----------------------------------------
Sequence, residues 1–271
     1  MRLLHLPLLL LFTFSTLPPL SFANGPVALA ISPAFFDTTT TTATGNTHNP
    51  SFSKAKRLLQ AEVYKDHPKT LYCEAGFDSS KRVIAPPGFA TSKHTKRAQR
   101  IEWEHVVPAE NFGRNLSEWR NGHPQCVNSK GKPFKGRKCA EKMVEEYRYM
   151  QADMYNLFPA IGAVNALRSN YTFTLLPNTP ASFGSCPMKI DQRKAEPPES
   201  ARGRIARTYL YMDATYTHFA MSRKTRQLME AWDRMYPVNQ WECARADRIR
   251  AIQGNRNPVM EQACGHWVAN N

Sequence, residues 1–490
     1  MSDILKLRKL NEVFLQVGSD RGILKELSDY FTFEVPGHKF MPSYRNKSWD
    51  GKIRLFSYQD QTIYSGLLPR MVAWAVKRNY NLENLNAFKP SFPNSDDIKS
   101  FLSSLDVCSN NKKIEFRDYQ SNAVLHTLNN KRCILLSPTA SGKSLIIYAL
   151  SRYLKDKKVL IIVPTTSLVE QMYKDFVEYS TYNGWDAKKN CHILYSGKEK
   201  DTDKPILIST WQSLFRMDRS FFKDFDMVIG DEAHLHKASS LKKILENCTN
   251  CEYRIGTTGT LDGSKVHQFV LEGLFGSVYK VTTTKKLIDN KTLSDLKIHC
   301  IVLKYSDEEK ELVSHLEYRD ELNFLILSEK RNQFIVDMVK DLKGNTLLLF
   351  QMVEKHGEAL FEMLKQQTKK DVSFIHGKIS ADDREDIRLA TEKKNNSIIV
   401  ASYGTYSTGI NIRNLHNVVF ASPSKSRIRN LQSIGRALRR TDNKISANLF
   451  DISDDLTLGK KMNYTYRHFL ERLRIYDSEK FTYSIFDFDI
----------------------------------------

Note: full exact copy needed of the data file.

Sequence, residues 1–271
     1  MRLLHLPLLL LFTFSTLPPL SFANGPVALA ISPAFFDTTT TTATGNTHNP
    51  SFSKAKRLLQ AEVYKDHPKT LYCEAGFDSS KRVIAPPGFA TSKHTKRAQR
   101  IEWEHVVPAE NFGRNLSEWR NGHPQCVNSK GKPFKGRKCA EKMVEEYRYM
   151  QADMYNLFPA IGAVNALRSN YTFTLLPNTP ASFGSCPMKI DQRKAEPPES
   201  ARGRIARTYL YMDATYTHFA MSRKTRQLME AWDRMYPVNQ WECARADRIR
   251  AIQGNRNPVM EQACGHWVAN N

Sequence, residues 1–490
     1  MSDILKLRKL NEVFLQVGSD RGILKELSDY FTFEVPGHKF MPSYRNKSWD
    51  GKIRLFSYQD QTIYSGLLPR MVAWAVKRNY NLENLNAFKP SFPNSDDIKS
   101  FLSSLDVCSN NKKIEFRDYQ SNAVLHTLNN KRCILLSPTA SGKSLIIYAL
   151  SRYLKDKKVL IIVPTTSLVE QMYKDFVEYS TYNGWDAKKN CHILYSGKEK
   201  DTDKPILIST WQSLFRMDRS FFKDFDMVIG DEAHLHKASS LKKILENCTN
   251  CEYRIGTTGT LDGSKVHQFV LEGLFGSVYK VTTTKKLIDN KTLSDLKIHC
   301  IVLKYSDEEK ELVSHLEYRD ELNFLILSEK RNQFIVDMVK DLKGNTLLLF
   351  QMVEKHGEAL FEMLKQQTKK DVSFIHGKIS ADDREDIRLA TEKKNNSIIV
   401  ASYGTYSTGI NIRNLHNVVF ASPSKSRIRN LQSIGRALRR TDNKISANLF
   451  DISDDLTLGK KMNYTYRHFL ERLRIYDSEK FTYSIFDFDI